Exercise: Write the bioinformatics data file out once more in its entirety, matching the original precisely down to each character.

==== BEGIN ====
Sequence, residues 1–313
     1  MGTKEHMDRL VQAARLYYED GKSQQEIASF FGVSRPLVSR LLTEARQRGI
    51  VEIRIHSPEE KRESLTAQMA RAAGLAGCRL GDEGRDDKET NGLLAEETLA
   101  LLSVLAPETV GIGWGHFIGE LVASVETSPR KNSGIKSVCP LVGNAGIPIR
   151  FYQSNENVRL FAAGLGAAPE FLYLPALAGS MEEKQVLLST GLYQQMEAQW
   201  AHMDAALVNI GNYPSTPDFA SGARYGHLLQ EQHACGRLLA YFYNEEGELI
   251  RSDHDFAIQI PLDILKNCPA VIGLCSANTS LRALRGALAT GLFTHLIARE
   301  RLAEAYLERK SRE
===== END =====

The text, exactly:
Sequence, residues 1–313
     1  MGTKEHMDRL VQAARLYYED GKSQQEIASF FGVSRPLVSR LLTEARQRGI
    51  VEIRIHSPEE KRESLTAQMA RAAGLAGCRL GDEGRDDKET NGLLAEETLA
   101  LLSVLAPETV GIGWGHFIGE LVASVETSPR KNSGIKSVCP LVGNAGIPIR
   151  FYQSNENVRL FAAGLGAAPE FLYLPALAGS MEEKQVLLST GLYQQMEAQW
   201  AHMDAALVNI GNYPSTPDFA SGARYGHLLQ EQHACGRLLA YFYNEEGELI
   251  RSDHDFAIQI PLDILKNCPA VIGLCSANTS LRALRGALAT GLFTHLIARE
   301  RLAEAYLERK SRE